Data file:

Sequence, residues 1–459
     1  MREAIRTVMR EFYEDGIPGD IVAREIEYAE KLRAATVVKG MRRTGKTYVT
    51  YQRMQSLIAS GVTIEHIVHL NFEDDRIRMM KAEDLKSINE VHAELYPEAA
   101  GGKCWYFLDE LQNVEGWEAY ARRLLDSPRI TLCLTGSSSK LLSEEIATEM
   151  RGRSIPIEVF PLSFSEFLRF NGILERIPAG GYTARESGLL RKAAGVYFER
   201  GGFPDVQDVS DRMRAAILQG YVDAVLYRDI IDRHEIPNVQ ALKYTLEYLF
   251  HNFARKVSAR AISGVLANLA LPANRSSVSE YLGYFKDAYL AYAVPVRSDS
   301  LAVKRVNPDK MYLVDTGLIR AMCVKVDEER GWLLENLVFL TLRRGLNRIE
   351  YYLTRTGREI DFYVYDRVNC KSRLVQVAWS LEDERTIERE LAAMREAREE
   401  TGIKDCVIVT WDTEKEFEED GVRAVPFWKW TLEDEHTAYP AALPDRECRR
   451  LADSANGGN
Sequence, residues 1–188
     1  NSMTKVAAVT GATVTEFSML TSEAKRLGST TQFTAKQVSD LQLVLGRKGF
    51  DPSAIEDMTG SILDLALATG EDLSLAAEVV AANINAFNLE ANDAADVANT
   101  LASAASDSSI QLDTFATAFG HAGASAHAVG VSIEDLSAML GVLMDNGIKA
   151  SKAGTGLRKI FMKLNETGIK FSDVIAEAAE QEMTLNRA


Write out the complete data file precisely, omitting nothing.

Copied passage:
Sequence, residues 1–459
     1  MREAIRTVMR EFYEDGIPGD IVAREIEYAE KLRAATVVKG MRRTGKTYVT
    51  YQRMQSLIAS GVTIEHIVHL NFEDDRIRMM KAEDLKSINE VHAELYPEAA
   101  GGKCWYFLDE LQNVEGWEAY ARRLLDSPRI TLCLTGSSSK LLSEEIATEM
   151  RGRSIPIEVF PLSFSEFLRF NGILERIPAG GYTARESGLL RKAAGVYFER
   201  GGFPDVQDVS DRMRAAILQG YVDAVLYRDI IDRHEIPNVQ ALKYTLEYLF
   251  HNFARKVSAR AISGVLANLA LPANRSSVSE YLGYFKDAYL AYAVPVRSDS
   301  LAVKRVNPDK MYLVDTGLIR AMCVKVDEER GWLLENLVFL TLRRGLNRIE
   351  YYLTRTGREI DFYVYDRVNC KSRLVQVAWS LEDERTIERE LAAMREAREE
   401  TGIKDCVIVT WDTEKEFEED GVRAVPFWKW TLEDEHTAYP AALPDRECRR
   451  LADSANGGN
Sequence, residues 1–188
     1  NSMTKVAAVT GATVTEFSML TSEAKRLGST TQFTAKQVSD LQLVLGRKGF
    51  DPSAIEDMTG SILDLALATG EDLSLAAEVV AANINAFNLE ANDAADVANT
   101  LASAASDSSI QLDTFATAFG HAGASAHAVG VSIEDLSAML GVLMDNGIKA
   151  SKAGTGLRKI FMKLNETGIK FSDVIAEAAE QEMTLNRA